MRO Magazine

US manufacturing output increases slightly in September

Washington - US manufacturing output rose in September 2014, led by gains for aerospace products, furniture, clothing and plastics.


October 20, 2014
By MRO Magazine
MRO Magazine


Washington – US manufacturing output rose in September 2014, led by gains for aerospace products, furniture, clothing and plastics.

The Federal Reserve said Thursday that factory production rose 0.5% in September after falling 0.5% in August. Over the past 12 months, manufacturing output has increased 3.7%.

The continued pace of manufacturing output will likely be a bellwether for the broader economy. Job growth has been solid for much of 2014, yet the stock market has been hammered over the past week over concerns about Europe’s financial footing, the slowdown in China’s economy and Ebola outbreaks across three continents. Stalled growth — if not the risk of recession — in much of Europe could cut into demand for US exports.

Total industrial production surged 1% last month, as output from mines and utilities both increased.


Despite the gains, autos appear to have downshifted after driving much of the output growth of the past year. Factory production of motor vehicles and parts slid 1.4% in September, the second straight monthly decline after tumbling 7% in August. Most economists expected a decline after auto production soared in July, largely because there were fewer plant shutdowns in July made output look stronger after the government adjusted the figure for normal seasonal variations

That decline was more than offset by improvements in other sectors. Furniture output rose 2.4% in September, while aerospace products climbed 1.7%. Clothing increased 1.5%, as plastics, rubber, chemicals and computer production also improved.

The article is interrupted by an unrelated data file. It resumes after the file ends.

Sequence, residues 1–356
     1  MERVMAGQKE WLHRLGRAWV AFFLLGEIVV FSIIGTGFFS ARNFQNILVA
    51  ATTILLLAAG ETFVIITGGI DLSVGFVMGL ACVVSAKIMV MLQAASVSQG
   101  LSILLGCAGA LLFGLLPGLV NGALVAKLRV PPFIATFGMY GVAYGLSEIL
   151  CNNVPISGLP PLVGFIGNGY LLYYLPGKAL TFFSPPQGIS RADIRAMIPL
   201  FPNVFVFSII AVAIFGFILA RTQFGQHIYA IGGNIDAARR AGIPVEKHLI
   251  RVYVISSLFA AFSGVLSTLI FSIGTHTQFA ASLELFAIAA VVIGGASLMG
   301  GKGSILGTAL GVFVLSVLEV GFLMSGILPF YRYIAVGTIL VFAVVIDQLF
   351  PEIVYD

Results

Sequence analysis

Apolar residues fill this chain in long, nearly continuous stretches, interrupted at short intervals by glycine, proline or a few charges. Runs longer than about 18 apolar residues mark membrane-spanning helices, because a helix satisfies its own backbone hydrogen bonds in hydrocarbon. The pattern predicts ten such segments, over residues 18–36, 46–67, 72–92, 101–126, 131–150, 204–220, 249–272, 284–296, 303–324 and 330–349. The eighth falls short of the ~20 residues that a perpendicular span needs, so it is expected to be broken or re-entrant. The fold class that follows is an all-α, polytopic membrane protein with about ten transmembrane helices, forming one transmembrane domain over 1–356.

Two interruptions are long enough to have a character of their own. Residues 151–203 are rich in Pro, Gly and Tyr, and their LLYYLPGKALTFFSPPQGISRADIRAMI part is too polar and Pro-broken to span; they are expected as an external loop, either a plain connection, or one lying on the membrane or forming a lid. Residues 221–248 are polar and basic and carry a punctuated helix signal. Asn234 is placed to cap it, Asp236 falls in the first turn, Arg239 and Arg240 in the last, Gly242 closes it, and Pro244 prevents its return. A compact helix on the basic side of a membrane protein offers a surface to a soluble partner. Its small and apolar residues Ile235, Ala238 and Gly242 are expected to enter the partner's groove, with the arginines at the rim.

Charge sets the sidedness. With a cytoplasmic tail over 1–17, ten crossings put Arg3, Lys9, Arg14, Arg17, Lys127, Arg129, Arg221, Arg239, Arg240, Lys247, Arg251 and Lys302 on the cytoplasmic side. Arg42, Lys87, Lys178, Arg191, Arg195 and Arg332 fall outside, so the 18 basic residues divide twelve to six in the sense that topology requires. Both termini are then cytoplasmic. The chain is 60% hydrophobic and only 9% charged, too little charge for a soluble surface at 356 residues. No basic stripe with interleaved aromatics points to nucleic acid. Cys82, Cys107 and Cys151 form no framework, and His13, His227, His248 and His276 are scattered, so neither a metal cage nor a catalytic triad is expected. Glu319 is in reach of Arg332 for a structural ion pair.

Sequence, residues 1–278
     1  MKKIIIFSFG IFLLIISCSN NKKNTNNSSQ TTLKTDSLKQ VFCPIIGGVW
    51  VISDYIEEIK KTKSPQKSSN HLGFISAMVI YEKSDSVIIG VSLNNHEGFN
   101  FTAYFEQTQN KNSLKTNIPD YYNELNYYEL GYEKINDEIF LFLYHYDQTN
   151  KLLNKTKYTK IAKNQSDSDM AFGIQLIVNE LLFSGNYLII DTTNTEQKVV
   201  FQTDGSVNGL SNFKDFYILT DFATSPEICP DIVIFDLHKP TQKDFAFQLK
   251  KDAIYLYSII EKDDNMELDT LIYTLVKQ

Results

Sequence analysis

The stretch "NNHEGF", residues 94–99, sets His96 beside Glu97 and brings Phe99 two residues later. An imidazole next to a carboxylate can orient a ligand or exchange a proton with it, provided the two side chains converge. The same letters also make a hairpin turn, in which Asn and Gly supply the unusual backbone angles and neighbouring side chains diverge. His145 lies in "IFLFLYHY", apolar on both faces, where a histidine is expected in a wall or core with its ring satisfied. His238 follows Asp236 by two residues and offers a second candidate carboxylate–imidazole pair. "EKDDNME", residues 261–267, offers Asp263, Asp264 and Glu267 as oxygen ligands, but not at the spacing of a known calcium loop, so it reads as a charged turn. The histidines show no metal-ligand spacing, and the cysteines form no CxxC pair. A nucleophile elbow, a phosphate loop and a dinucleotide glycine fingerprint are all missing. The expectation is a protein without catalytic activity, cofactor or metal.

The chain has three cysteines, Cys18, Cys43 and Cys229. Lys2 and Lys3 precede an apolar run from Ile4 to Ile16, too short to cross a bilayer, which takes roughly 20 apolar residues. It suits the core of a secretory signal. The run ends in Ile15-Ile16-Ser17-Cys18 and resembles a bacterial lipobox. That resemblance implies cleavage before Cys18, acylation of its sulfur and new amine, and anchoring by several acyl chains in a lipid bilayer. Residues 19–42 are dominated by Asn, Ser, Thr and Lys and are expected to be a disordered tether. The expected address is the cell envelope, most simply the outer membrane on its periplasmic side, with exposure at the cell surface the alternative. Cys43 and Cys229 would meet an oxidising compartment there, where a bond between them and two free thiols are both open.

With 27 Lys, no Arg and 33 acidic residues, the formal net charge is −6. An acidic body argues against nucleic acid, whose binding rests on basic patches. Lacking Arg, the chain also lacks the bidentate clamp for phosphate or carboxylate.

Paul Ashworth, chief US economist at Capital Economics, interpreted those gains as a sign that factories are successfully weathering the dampened performance of the global economy.

“The slowdowns evident in China and the euro-zone are not having the devastating impact on the US economy that the financial markets now apparently believe,” Ashworth said.

The Standard & Poor’s 500 stock index fell nearly 1% in early trading on Thursday and has plunged more than 3% since the start of the week.

The Fed report on industrial performance also found that output at utilities surged 3.9% last month, likely because hotter than normal temperatures caused more people to crank up the air conditioning. Mining output grew 1.8% and has advanced 9.1% over the past year, reflecting the shale gas boom.

Other recent manufacturing indicators have been mixed.

The Institute for Supply Management, a trade group of purchasing managers, reported that the pace of manufacturing growth fell in September. Its manufacturing index fell to 56.6 from 59 in August. Anything above 50 signals that manufacturing is growing, yet the survey-based index noted that expectations for hiring and new orders declined from their August levels.

Separately, the Commerce Department said that orders to US factories fell in August by the largest amount on record, declining 10.1% after a record increase of 10.5% in August. Both months in the government report were affected by swings in demand for commercial aircraft, which soared in July only to plummet in August.

The US economy grew at a 4.2% annual rate in the April-June quarter, a significant rebound from a 2.1% contraction in the first quarter that reflected in part a severe winter that disrupted a number of activities.

Economists expect that continued gains in employment will spur consumer spending and translate into annual growth of around 3% in the second half of this year.